"Will Vlad Plahotniuc return to Moldova? He will come back, willingly or against his will..."
The sudden and covert departure from Moldova of the former leader of the Democratic Party of Moldova, Vlad Plahotniuc, was unexpected for many people, including him personally. He spent too many resources of all kinds, he broke the mold with too much determination, he knowingly made too many opponents or even enemies, which added up make it hard to imagine that he seriously took into account the retreat scenario. This doesn't mean that he didn't have a contingency plan, if his schemes related to Moldova failed, but this was rather a technicality, mandatory for players who are of great importance or are considered so.
There must have been very serious reasons for such a retreat, too serious to be ignored even by a player of his size. What are some of the most serious reasons?
Cowardice or honor?
Ex-prime minister Vlad Filat, who is said to have been imprisoned not without Vlad Plahotniuc's help and interest, may be right to some extent when saying that the DPM leader left out of "cowardice". The Explanatory Dictionary of the Romanian Language (DEX) shows that the notion "cowardice" has two components: "lack of courage" and "lack of honesty", which can only be partially attributed to Vlad Plahotniuc. First: the notion of "honesty" is relatively or even totally foreign to people who are willing and capable of building such a callous system that he pretended to completely control, as he claims to have done. Some qualify such persons as "authoritarian" or "dictatorial", but even more so, one cannot impute this criterion to anyone of his ilk who do not accept and/or do not understand it. Second: "lack of courage” means “fear”. It is not known whether the feeling of fear was paramount for a man who was under the protection, as was said, of all the state institutions, including force institutions, but also, under the protection of very powerful private security agencies, which were owned by him. Under such a "shield", few people would be as affected by fear as to leave everything behind in a way that can be described as a shameful flight. The so-called or the real attempt to usurp the power in mid June 2019, convincingly demonstrates how many forces Vlad Plahotniuc could gather under his banner and how determined he was to go "to the very end".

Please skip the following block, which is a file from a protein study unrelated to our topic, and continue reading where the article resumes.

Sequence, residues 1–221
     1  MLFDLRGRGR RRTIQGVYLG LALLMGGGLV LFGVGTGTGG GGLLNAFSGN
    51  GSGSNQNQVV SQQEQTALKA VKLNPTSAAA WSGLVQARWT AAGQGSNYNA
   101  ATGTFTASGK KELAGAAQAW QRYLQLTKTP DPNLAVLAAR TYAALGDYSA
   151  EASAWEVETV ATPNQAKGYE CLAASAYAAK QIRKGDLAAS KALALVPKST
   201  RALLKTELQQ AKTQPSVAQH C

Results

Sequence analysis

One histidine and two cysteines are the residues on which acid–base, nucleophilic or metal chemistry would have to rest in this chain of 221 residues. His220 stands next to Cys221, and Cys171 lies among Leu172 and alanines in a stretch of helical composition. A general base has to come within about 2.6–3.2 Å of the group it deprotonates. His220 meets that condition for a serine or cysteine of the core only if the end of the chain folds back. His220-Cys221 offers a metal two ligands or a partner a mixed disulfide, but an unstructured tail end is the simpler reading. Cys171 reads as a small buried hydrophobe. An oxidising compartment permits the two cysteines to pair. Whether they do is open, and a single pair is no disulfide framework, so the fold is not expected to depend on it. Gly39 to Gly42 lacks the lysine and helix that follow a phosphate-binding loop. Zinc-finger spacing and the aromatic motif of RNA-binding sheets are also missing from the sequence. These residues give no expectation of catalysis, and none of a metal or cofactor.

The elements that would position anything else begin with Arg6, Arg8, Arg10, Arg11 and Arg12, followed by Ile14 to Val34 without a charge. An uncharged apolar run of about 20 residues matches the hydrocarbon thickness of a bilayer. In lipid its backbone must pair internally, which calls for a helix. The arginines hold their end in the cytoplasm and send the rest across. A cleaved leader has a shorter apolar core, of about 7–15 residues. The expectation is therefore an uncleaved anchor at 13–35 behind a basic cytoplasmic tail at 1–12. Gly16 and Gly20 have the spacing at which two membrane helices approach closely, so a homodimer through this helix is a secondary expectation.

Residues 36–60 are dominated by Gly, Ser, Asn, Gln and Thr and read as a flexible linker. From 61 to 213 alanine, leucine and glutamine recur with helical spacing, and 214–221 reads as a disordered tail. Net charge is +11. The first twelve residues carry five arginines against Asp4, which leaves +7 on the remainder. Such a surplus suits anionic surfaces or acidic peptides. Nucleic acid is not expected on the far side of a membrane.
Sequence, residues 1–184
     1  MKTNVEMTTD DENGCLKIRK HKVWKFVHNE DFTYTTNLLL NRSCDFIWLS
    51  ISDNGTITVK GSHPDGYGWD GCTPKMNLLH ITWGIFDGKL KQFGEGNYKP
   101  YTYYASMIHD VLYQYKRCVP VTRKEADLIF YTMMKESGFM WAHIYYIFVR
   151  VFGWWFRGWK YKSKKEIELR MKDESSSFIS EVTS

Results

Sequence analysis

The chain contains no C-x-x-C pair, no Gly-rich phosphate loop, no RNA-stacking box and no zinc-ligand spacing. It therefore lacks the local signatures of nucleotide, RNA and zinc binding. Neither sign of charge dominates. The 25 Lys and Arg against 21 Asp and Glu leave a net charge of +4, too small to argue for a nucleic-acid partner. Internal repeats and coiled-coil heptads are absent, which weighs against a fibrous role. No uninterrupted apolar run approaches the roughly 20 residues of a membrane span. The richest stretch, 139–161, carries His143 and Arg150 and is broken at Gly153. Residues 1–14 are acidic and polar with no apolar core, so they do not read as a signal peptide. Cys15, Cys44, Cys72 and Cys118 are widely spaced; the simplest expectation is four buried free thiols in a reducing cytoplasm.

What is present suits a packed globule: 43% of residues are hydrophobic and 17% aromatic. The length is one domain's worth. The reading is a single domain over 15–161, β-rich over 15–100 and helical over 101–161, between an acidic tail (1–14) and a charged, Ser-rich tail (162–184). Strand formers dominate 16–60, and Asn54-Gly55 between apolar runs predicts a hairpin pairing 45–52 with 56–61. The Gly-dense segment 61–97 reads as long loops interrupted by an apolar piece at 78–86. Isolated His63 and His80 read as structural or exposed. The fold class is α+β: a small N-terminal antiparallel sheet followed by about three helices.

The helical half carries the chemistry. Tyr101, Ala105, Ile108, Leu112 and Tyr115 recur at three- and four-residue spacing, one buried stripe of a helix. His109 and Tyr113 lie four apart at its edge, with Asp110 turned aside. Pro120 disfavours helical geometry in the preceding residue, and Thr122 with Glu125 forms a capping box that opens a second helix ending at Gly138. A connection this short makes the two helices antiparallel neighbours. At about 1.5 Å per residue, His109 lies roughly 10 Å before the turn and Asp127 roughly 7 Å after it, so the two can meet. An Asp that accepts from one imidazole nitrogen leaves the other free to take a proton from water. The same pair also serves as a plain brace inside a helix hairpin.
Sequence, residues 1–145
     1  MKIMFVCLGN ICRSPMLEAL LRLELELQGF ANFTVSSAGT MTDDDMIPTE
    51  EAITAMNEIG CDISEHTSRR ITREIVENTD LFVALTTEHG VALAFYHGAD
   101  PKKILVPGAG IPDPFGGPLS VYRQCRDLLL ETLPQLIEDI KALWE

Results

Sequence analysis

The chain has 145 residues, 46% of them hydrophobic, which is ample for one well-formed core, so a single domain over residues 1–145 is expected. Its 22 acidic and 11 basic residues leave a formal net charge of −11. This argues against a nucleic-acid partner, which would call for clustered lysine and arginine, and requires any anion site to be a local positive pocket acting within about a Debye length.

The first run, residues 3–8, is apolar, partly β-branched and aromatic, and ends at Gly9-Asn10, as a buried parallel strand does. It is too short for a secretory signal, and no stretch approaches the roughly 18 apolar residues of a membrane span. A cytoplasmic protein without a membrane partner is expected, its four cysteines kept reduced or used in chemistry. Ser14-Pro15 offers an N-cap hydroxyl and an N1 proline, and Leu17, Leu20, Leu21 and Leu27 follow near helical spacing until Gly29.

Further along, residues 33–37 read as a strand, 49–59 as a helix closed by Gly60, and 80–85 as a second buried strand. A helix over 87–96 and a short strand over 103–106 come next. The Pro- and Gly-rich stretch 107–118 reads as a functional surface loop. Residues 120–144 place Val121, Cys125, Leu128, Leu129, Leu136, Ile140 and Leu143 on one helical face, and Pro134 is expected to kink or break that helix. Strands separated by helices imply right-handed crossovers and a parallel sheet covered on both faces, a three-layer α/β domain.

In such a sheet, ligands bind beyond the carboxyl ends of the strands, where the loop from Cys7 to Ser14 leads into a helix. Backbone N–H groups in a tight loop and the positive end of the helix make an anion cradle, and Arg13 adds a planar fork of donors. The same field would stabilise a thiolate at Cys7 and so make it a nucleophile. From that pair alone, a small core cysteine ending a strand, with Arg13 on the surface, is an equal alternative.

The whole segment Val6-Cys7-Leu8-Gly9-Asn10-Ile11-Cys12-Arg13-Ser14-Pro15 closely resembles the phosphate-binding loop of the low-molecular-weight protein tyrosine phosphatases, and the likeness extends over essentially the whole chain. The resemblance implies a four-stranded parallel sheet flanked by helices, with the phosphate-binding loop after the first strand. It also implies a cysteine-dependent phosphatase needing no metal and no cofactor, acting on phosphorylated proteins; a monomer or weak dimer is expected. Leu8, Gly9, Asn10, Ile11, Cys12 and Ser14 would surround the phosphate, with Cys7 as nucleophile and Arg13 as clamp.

Secured from within
Thus, "life and safety hazards" concerns, most recently invoked in Ilan Șor's case, do not seem to be decisive. "Dangers to freedom", if we believe multiple claims regarding the involvement of Vlad Plahotniuc in all possible fraud schemes in Moldova, may have been the conclusive factor. Perhaps, yet neither does this reason seem to be decisive. That's because, if he stayed in power, with or without "all-in" moves, nobody would not have dared, as has not dared before, to approach him in such a manner. And if he did not remain in power, he was less likely to be held accountable, including because many heads, not just heads of the institutions that were subordinated to him, could have been accused of complicity after co-participation or unlawful activity was proven. A strong common front, presided by a strong leader, would have been created. Respectively, by staying in Moldova, even outside the ruling coalition, Vlad Plahotniuc would have ensured himself more security inside than outside the country. In this regard, the incriminating evidence that it is said he has collected on everyone would have been a safety net.
Humiliation of the unexpected defeat